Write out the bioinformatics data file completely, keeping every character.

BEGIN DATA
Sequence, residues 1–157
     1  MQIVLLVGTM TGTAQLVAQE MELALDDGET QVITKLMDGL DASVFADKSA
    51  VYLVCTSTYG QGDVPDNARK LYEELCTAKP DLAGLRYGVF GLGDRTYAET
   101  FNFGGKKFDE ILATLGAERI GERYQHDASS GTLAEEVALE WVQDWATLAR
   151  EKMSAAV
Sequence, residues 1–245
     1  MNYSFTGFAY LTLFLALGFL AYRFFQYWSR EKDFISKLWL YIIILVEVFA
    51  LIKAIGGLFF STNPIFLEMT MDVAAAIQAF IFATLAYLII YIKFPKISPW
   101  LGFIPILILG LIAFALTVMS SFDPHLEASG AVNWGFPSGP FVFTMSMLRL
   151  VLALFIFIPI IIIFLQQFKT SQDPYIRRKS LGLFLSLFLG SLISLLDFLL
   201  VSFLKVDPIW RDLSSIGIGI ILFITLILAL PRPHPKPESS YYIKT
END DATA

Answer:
Sequence, residues 1–157
     1  MQIVLLVGTM TGTAQLVAQE MELALDDGET QVITKLMDGL DASVFADKSA
    51  VYLVCTSTYG QGDVPDNARK LYEELCTAKP DLAGLRYGVF GLGDRTYAET
   101  FNFGGKKFDE ILATLGAERI GERYQHDASS GTLAEEVALE WVQDWATLAR
   151  EKMSAAV
Sequence, residues 1–245
     1  MNYSFTGFAY LTLFLALGFL AYRFFQYWSR EKDFISKLWL YIIILVEVFA
    51  LIKAIGGLFF STNPIFLEMT MDVAAAIQAF IFATLAYLII YIKFPKISPW
   101  LGFIPILILG LIAFALTVMS SFDPHLEASG AVNWGFPSGP FVFTMSMLRL
   151  VLALFIFIPI IIIFLQQFKT SQDPYIRRKS LGLFLSLFLG SLISLLDFLL
   201  VSFLKVDPIW RDLSSIGIGI ILFITLILAL PRPHPKPESS YYIKT